Wayne White, an artist who won three Emmys for his production design on the 1980s children’s television show Pee-wee’s Playhouse, is presenting a pair of giant puppets as one of Thompson’s featured projects and a solo booth of paintings with Joshua Liner Gallery. The 14-foot-tall puppets portray pioneer women Mary Ann and Louisa Boren, who helped settle Seattle in the 1850s, while the canvases at Liner are text paintings, in which White adds his own witty words to found, thrift store landscapes that relate to the regional environment. Priced between $4,500 and $25,000, a few of the works found collectors during the opening.
It didn’t take long for Seattle’s Greg Kucera Gallery to sell the four figurative paintings it brought to the fair by local emerging artist Anthony White, a recent graduate of Cornish College of the Arts. Depicting such neo-Pop art subjects as hipsters taking selfies in graffiti-covered mirrors and still lifes of gadgets, burgers, and nail polish, the inventive artworks—priced at $2,500 each—were painted by the artist with a colorful palette of a polyester material extruded from a doodling device. “The material has a kind of cheap glamour to it, which personifies a lot of the things he’s interested in painting,” said Kucera.
A number of other exhibitors chose to gamble on emerging artists, with Miami’s Mindy Solomon Gallery offering comical canvases resting atop painted papier-mâché objects ($1,800 to $2,500) by a German-born, U.K.-based artist with the moniker Super Future Kid; Vancouver’s Fazakas Gallery highlighting a group of 20 embroidered felt collages ($500) with indigenous Native American shapes by Charlene Vickers; and Los Angeles’s Samuel Freeman Gallery presenting a playful solo booth installation of expressionistic paintings riffing on classical symbolism in American culture by Frank J. Stockton, a recent MFA graduate from UCLA.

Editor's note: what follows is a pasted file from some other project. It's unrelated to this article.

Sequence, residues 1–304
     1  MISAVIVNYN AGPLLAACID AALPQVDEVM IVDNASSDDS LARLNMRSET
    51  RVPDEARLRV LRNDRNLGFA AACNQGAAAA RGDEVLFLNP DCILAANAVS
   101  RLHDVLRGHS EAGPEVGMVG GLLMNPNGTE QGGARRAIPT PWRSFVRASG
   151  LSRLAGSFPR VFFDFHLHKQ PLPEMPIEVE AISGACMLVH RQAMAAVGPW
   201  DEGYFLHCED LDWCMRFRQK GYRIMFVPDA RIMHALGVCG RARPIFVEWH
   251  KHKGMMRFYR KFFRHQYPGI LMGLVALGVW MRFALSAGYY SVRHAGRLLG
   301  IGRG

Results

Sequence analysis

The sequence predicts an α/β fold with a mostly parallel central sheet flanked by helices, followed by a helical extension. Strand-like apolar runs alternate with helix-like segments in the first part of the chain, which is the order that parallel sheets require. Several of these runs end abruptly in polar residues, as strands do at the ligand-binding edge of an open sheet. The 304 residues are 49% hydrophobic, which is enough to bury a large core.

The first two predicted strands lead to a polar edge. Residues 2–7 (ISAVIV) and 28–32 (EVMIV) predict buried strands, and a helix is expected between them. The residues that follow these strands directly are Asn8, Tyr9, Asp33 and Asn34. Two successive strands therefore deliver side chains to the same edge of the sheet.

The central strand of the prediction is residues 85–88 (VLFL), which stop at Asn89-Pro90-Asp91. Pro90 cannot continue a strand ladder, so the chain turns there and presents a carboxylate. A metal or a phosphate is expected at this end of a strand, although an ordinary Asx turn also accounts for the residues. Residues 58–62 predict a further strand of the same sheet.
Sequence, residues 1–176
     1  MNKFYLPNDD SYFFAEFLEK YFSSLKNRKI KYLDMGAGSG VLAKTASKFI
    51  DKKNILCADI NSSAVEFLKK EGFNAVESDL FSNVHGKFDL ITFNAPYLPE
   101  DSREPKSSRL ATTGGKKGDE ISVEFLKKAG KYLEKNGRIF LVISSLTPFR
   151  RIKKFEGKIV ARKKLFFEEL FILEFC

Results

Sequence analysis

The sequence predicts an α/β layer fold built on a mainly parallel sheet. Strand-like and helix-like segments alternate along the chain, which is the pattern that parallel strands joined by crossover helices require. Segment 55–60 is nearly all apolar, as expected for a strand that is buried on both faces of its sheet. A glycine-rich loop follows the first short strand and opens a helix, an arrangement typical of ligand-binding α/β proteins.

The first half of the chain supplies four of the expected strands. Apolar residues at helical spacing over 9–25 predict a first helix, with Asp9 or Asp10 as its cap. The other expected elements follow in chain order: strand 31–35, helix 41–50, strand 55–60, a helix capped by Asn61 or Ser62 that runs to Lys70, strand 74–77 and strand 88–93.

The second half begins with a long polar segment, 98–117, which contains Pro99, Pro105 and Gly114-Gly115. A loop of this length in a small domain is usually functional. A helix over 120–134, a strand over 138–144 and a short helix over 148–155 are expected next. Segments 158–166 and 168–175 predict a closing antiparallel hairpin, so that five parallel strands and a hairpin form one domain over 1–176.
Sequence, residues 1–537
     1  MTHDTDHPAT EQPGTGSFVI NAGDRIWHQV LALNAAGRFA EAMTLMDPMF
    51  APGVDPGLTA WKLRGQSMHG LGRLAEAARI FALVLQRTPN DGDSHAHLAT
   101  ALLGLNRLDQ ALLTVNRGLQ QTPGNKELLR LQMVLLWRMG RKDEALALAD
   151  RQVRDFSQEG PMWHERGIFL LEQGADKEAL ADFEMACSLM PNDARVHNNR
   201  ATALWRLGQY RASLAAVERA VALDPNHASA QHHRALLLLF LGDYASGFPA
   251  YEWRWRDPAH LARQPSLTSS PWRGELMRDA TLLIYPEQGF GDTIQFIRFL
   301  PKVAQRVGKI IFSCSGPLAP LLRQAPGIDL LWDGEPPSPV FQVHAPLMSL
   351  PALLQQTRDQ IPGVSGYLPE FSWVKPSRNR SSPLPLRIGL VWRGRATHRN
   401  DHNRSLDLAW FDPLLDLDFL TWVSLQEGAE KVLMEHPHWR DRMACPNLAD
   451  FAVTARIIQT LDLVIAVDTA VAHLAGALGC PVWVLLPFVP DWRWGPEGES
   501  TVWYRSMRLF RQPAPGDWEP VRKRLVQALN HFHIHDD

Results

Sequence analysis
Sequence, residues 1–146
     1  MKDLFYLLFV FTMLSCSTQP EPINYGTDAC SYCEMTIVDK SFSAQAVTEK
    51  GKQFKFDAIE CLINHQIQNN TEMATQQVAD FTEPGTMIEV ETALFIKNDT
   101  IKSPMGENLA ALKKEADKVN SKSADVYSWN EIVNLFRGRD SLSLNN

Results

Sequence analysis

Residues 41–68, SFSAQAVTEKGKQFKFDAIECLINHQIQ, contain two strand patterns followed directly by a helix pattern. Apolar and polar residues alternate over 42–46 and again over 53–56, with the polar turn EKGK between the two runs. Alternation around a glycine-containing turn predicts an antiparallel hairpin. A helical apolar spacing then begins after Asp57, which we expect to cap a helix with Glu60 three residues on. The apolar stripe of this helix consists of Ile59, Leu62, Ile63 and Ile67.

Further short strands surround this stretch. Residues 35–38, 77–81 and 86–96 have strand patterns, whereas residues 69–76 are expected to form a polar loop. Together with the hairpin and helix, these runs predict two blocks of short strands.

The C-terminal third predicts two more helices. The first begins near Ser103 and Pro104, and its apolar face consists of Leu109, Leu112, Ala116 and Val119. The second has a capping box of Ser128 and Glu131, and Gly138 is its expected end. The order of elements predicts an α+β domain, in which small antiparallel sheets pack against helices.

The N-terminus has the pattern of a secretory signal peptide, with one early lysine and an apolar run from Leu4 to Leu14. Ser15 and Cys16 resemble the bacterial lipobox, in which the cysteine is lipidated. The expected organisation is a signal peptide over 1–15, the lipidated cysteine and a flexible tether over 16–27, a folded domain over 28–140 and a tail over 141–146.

Playing it safer, New York’s Michael Rosenfeld Gallery, which is back at the fair for the third consecutive year, has brought modernist masters, including landscape paintings by Fairfield Porter and abstract canvases by Hans Hofmann, Norman Lewis, and Alma Thomas. Spanierman Modern, also from New York, has a marvelous suite of figurative Harlem Renaissance drawings from the 1920s by Hilla Rebay, an artist and founding director of the Guggenheim Museum.
St. Louis’s William Shearburn Gallery decided to mix it up with some new works by contemporary artists, including a painting fresh from the studio by Peter Halley, and modern and contemporary resale pieces by Henri Matisse, Robert Motherwell, and Ellsworth Kelly—with reserves, interest, and sales on the three works.
“I did the fair last year and was really pleased with the results,” Shearburn told Galerie. “I sold enough during the fair to cover my costs, but afterward a couple of the collectors I met followed up, which led to more sales. I returned earlier this year to explore the museum scene, in order to get an idea of what’s here. I see it as a developing scene with great potential.”
That’s a sentiment shared by Beth Rudin DeWoody, who is part of one of the Collectors Conversation panels at the fair. “I’ve been coming since the beginning, DeWoody said at the preview. “I love Seattle. I have friends here. The city has amazing private collections, which I love to visit. The fair is really fun. It’s good to see galleries that you don’t normally see, and I like to support it.”
The Seattle Art Fair runs through Sunday, August 5, at the CenturyLink Field Event Center.